Buds showing on Saxifraga oppositifolia.

Patches of hills can also be seen in some of the nearby grassy fields. The moles are also around the garden and tunnel under the grass of the lawns looking for worms. They rarely put up molehills here but make the grass very spongy to walk on. By the time the first grass mowing needs to be done their tunnelling is extensive in some parts. We have learned to tolerate them and to share the garden with them. By the 19th the snowdrops, which have given such a good display this year, are just passing their best. A few early daffodils are appearing and there are still the crocuses but today, although sunny, it is not warm enough for the flowers to open. The purple hellebore is now well into flower along with the green in the herbaceous border. On the rockery there are flowers open on a dwarf white flowered Rhododendron. In the wood well-formed leaves are out on several seedling sycamores while on some mature trees the buds look quite swollen and green. In the greenhouse a lot of shoots have formed on the now cut back chrysanthemum plants still in their pots. It will soon be time to take cuttings and prepare for this year's display in the autumn. The bottom heated propagating frame, on the bench inside the greenhouse, runs all winter and is full of cuttings including several varieties of fuchsias struck in the autumn. These will be brought on to plant in large earthenware pots early in the summer. The summer season is short here in the northwest and plants do best if brought on in the greenhouse and planted out when fear of a late frost has passed.

Crocus flowers open on a warm day.

The 21st was a sunny and warmer day with the temperature reaching 10.2C. This was what the crocuses had been waiting for and they duly opened their flowers to give us a good display. In contrast the next day was dull and cooler, the crocuses remained shut. A walk around the nearby lanes on the 22nd revealed 3 campions plants struggling in flower, they could be the same plants I have been looking at through the winter. I also spotted two yellow lesser celandines and one dandelion in flower. There was plenty of yellow gorse in flower looking bright in the dull light. I saw several wrens working their way along the hedgerows but there were no other birds of interest. We have seen very few winter visitors this year, as the weather has been very mild. In some years it has been possible to see a hundred or more redwings and fieldfares in the fields along my walk, but none today. More gales and rain on the 27/28th keeping the ground very wet. There was water standing on some parts of the garden and the old 'cricket' field opposite the house had large pools of water on it again. Early morning fog on the morning of the extra day on the 29th was soon replaced by brighter weather. The mistle thrushes were singing well in the treetops and have now been joined by a chorus of great tits with their familiar 'teacher-teacher' calling. We have been disappointed not to have seen any siskins around the garden so far this year. We have seen and recorded them for the past 2 Februarys. Later in the day, our pair of semi resident pheasants were displaying on the lawn.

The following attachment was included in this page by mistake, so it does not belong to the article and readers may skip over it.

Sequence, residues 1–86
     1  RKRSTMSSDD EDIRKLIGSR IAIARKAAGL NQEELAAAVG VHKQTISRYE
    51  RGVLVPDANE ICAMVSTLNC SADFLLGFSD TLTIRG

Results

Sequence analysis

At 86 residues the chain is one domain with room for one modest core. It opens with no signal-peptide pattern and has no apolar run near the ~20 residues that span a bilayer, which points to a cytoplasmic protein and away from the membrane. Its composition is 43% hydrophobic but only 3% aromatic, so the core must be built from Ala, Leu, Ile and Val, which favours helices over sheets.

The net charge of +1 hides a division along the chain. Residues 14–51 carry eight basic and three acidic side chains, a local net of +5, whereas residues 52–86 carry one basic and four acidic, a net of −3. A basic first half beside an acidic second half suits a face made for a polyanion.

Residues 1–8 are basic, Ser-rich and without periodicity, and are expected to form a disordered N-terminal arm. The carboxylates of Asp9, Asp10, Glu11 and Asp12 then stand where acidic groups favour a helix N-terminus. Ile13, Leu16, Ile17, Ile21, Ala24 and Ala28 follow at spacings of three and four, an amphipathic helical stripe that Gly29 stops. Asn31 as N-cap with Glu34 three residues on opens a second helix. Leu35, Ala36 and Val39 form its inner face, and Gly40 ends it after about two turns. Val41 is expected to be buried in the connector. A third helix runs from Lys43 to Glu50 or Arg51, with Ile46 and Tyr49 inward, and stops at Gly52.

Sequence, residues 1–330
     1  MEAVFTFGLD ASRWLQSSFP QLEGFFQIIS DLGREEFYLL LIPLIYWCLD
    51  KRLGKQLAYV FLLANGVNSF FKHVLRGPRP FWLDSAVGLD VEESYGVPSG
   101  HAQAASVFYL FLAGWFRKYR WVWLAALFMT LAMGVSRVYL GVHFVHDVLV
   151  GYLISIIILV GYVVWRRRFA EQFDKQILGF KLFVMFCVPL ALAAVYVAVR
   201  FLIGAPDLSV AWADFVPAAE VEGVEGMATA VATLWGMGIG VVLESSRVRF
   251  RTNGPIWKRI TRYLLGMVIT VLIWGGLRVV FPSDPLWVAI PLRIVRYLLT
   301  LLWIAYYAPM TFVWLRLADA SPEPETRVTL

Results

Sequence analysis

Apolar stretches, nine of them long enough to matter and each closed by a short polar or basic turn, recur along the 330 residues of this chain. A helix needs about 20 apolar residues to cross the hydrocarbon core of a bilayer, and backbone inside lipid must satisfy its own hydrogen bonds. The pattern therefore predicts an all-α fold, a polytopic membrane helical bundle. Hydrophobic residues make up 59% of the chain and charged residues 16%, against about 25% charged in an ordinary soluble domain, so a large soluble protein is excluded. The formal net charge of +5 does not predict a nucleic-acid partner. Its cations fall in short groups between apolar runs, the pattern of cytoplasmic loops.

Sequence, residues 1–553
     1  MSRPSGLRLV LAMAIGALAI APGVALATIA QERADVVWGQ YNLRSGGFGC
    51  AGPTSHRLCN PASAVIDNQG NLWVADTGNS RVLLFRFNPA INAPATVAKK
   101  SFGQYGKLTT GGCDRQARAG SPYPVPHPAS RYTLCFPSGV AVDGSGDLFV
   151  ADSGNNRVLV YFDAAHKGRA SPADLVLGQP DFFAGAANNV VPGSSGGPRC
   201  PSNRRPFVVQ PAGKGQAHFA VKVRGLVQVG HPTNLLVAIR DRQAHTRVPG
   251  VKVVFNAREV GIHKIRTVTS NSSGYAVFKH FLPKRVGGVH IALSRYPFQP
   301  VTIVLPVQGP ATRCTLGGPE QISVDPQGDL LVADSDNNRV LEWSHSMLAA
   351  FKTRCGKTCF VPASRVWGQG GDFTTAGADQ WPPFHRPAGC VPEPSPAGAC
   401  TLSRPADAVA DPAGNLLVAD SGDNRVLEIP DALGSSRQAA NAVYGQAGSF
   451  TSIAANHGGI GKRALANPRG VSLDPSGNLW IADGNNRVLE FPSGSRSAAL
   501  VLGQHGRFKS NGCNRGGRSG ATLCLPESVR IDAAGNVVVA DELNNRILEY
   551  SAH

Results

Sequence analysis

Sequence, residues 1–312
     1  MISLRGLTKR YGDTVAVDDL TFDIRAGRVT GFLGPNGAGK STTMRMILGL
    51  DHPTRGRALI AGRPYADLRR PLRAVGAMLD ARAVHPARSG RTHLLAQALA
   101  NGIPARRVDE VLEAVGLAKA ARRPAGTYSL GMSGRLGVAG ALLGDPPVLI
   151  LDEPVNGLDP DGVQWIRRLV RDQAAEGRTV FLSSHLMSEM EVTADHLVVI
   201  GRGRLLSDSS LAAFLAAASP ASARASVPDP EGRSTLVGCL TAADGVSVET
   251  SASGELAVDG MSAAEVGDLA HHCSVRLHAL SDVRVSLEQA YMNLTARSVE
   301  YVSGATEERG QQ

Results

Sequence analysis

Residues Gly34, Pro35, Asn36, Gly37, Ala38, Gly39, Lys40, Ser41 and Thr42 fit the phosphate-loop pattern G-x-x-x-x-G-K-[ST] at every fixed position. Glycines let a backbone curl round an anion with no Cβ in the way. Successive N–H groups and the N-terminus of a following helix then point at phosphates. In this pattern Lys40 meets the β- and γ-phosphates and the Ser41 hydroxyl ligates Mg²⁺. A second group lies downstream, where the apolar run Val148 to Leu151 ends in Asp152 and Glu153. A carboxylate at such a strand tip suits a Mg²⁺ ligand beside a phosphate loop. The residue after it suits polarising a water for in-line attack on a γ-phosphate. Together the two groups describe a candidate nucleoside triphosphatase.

• Visit E.V.B's Victorian Garden at Huntercombe in February 1883

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  • Document dated: 23 May 2000. This page is part of the site maintained at

    Copyright ©: 2000 Donald and Patricia Perkins